The Supreme Court of South Carolina has issued a decision that could have a great impact on how insurers issue reservation of rights letters. In Harleysville Group Ins. v. Heritage Group Communities, Inc., No. 27698, 2017WL105021 (S.C. Jan. 11, 2017), the Court held that Harleysville Group Insurance (Harleysville) failed to properly reserve its right to contest coverage of an underlying construction defect case because, even though Harleysville issued “reservation of rights” letters to the insured, these letters were ineffective because they "included no discussion of Harleysville’s position as to the various [policy] provisions or explanation of its reasons for relying thereon” and “failed to specify the particular grounds upon which Harleysville did, or might thereafter, dispute coverage.” Id. at *6.

The letters issued by Harleysville included much of the stock language used by insurers in issuing reservation of rights letters. They identified the insured and the lawsuit at issue, summarized the allegations in the complaint, identified the policy numbers and policy periods for policies that potentially provided coverage and, “through a cut-and-paste approach,” incorporated excerpts of various policy terms, provisions relating to the insuring agreement and Harleysville’s duty to defend, and policy exclusions and definitions. However, the letters failed to make any connection between the cited policy provisions, the facts of the claim and how coverage may not apply.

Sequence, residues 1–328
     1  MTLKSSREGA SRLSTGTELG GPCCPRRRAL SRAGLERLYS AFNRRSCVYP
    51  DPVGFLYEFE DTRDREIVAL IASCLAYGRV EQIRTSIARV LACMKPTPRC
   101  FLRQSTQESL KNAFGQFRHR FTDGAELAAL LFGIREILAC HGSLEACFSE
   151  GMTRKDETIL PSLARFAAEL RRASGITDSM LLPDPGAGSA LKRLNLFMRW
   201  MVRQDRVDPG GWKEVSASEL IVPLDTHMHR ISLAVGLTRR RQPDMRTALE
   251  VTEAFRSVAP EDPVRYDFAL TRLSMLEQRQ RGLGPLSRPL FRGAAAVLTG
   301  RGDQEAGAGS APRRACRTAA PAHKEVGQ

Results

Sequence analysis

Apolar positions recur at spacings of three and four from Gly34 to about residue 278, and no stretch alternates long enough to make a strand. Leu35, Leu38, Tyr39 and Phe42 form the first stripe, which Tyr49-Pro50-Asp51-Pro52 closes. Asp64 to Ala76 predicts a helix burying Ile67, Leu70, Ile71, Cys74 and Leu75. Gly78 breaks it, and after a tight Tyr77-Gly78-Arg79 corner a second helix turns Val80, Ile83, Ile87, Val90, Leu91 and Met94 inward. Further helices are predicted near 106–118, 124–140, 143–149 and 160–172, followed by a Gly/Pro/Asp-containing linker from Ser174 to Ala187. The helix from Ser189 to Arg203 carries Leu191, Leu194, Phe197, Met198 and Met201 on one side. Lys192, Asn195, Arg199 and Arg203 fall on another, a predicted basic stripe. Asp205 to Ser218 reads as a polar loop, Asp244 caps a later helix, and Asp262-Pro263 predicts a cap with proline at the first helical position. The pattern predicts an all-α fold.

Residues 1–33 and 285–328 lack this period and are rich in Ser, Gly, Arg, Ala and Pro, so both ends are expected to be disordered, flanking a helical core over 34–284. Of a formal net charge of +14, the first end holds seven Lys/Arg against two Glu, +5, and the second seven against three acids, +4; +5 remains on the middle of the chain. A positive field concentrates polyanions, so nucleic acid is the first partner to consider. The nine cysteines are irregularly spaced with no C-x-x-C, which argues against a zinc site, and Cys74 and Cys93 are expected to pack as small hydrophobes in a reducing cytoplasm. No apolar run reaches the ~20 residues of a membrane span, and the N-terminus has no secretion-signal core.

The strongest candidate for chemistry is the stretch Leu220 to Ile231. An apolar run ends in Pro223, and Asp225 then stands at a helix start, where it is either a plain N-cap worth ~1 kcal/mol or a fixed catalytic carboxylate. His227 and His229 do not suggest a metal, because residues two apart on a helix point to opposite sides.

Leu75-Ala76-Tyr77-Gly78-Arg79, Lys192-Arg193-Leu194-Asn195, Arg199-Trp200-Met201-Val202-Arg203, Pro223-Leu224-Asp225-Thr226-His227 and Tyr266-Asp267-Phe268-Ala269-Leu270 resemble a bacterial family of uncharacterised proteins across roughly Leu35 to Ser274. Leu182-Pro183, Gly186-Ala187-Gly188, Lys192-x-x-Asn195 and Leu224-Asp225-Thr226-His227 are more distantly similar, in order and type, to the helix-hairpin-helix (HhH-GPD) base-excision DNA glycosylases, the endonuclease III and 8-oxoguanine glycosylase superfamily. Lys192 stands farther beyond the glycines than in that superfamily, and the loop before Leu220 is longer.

"Specifically, Harleysville did not expressly put its insureds on notice that it intended to litigate the issues of whether any damages resulted from acts meeting the definition of occurrence, whether any damages occurred during the applicable policy periods, what damages were attributable to non-covered faulty workmanship, and whether certain damages resulted from intentional acts by the insured and were thus excluded. And in no way did the letters inform the insureds that a conflict of interest may have existed or that they should protect their interests by requesting an appropriate verdict. As the Fifth Circuit found in Duke v. Hoch, Harleysville’s reservation of rights “was no more than a general warning” and “too imprecise to shield [the insurer].” 468 F.2d 973, 979 (5th Cir. 1972).

Id. at *7.

In finding the letters ineffective to properly reserve the insurer’s right to contest coverage, the Court explained,

“It is axiomatic that an insured must be provided sufficient information to understand the reasons the insurer believes the policy may not provide coverage. … [G]eneric denials of coverage coupled with furnishing the insured with a verbatim recitation of all or most of the policy provisions (through a cut-and-paste-method) is not sufficient.” Id. at *5.

The Court provided a lengthy and helpful examination of case law across the country concerning insurers’ reservation of rights to contest coverage. Some of the highlights are:

  • “A reservation of rights letter must give fair notice to the insured that the insurer intends to assert defenses to coverage or to pursue a declaratory relief action at a later date.” United Nat’l Ins. Co. v. Waterfront N.Y. Realty Corp., 948 F.Supp. 263, 268 (S.D.N.Y. 1996).
  • “If the insured does not know the grounds on which the insurer may contest coverage, the insured is placed at a disadvantage because it loses the opportunity to investigate and prepare a defense on its own.” Desert Ridge Resort LLC v. Occidental Fire & Cas. Co. of N.C., 141 F.Supp.3d 962, 967 (D.Ariz. 2015).
  • Where the insurer undertakes and exclusively controls the insured's defense under a reservation of rights, the insurer, prior to undertaking the defense, must specify in detail any and all bases upon which it might contest coverage in the future since “[g]rounds not identified in the reservation of rights may not be asserted later by the insurer.” Id. at 966-68.